Dante Liberi

Dante Liber (1919-2004)

Dante Liberi is the product of a wide variety of influences and experiences. There is a clear kindredness to the works of Marini, Picasso, Braque, and Matisse, as well as stylistic likenesses to both Impressionism and Expressionism. Another important contribution was made by the Bulgarian artist Abracheff, for Liberi was  a member of the Abracheff school. Ironically, perhaps his first influences were his father’s caricatures.

Liberi’s experiences are diverse. After finishing his formal education, the artist proceeded to gather artistic training wherever it could be found. He has extensive experience in scenery painting, including work with the New York Theater, the Geoffrey Ballet, the New York City Ballet, as well as the original sets for Sesame Street. His experience and training are also international. Born of Italian parents in New York, he has retained both personal and artistic connections with both countries. His art has a decidedly European feel, and is artistically most at home in the Tuscany area where he comments that “Art is everywhere.”

In Liberi’s art is the sense of a mastery present in so much of the art of High Renaissance and the Classical periods, but so conspicuously absent in much of the art of today. It begins with what he thinks is central to his art, the skill of drawing. He is a superior draftsman capable of producing works of obvious strength. Liberi’s intent is in part to create works that will appeal to his fellow artist in their technical expertise. He is also a colorist, choosing to work with vivid hues that excite and please the mind.

In Dante Liberi’s view, art is a creative activity. Man cannot exist meaningfully without creative activity. Thus, the primary impetus, and the raison d’être of his artistic life is the need to create with his mind and hands. The purpose of the work of art is to give pleasure and to express emotion, and that is intimately tied with technical skill, for it is through drawing and color that these aims are achieved. For that reason, Liberi’s primary medium, although he is accomplished in pencil, ink, pastel, and sculpture, is oil painting. Painting permits an infinite variety of techniques. This variety allows unlimited resources to draw upon.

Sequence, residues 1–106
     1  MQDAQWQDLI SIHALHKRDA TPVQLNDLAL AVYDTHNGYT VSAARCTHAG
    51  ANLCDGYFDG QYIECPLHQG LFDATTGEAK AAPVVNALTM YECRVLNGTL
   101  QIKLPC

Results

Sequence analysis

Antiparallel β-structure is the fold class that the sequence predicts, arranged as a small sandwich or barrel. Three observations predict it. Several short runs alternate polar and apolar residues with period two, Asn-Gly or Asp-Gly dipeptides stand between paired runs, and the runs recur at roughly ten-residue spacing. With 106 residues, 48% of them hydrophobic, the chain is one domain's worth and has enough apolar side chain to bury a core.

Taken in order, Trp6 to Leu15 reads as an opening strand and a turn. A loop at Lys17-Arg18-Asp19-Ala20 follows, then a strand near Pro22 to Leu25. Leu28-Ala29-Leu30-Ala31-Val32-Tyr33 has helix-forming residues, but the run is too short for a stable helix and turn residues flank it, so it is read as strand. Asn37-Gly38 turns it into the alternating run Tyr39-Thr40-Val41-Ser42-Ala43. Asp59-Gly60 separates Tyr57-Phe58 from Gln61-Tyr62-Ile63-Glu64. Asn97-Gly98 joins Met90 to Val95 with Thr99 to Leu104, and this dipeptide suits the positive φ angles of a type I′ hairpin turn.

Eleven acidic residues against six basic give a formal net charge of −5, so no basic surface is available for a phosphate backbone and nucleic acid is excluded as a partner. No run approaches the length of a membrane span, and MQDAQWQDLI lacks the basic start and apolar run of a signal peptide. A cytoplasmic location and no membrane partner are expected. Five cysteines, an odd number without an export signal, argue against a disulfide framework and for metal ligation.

Liberi is not a symbolic artist. His works are expressive, featuring readily recognizable objects. “I was never a theoretician, but rather an emotional painter.” These are the images of his daily experience, children, flowers, horses,  and nudes. Art is an investigation of life. It also must, for a representational artist, seek a figurative language. None of this suggests a primarily conceptual endeavor, though. The principle problems presented to Liberi in the execution of his artworks are technical, rather than philosophical. Art is also irreducibly aesthetic, and almost mystic, for Liberi. Art must aspire to capture a beautiful quality that is itself ineffable.

There is a clear tie between the masters of the past and Dante Liberi. In the obvious skill, as well as demanding aesthetic, his work clearly has a historical context that is not tied to contemporary fashions. His are is also autobiographical, the “mirror of his life.” Through it shines an inner strength, a harmony, and a serenity, as well as a ubiquitous vitality. Effortlessness is important, not only that the painting should be effortless, but that it must also appear so. “I must strive to erase all visible traces of effort.” The product is a warm and easy sharing of his experiences and Liberi’s ever optimistic view of life.

Douglas Deaver, Ph.D.

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